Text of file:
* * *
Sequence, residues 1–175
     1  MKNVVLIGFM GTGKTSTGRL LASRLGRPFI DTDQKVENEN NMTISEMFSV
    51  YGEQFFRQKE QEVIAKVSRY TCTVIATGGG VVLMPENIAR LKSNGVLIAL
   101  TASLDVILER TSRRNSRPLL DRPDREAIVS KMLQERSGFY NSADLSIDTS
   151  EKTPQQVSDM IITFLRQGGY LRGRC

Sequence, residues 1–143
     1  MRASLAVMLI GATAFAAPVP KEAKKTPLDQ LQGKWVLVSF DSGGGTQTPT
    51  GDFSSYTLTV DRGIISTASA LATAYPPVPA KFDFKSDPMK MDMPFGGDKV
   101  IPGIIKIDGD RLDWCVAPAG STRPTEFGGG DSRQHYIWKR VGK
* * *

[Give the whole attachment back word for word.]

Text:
Sequence, residues 1–175
     1  MKNVVLIGFM GTGKTSTGRL LASRLGRPFI DTDQKVENEN NMTISEMFSV
    51  YGEQFFRQKE QEVIAKVSRY TCTVIATGGG VVLMPENIAR LKSNGVLIAL
   101  TASLDVILER TSRRNSRPLL DRPDREAIVS KMLQERSGFY NSADLSIDTS
   151  EKTPQQVSDM IITFLRQGGY LRGRC

Sequence, residues 1–143
     1  MRASLAVMLI GATAFAAPVP KEAKKTPLDQ LQGKWVLVSF DSGGGTQTPT
    51  GDFSSYTLTV DRGIISTASA LATAYPPVPA KFDFKSDPMK MDMPFGGDKV
   101  IPGIIKIDGD RLDWCVAPAG STRPTEFGGG DSRQHYIWKR VGK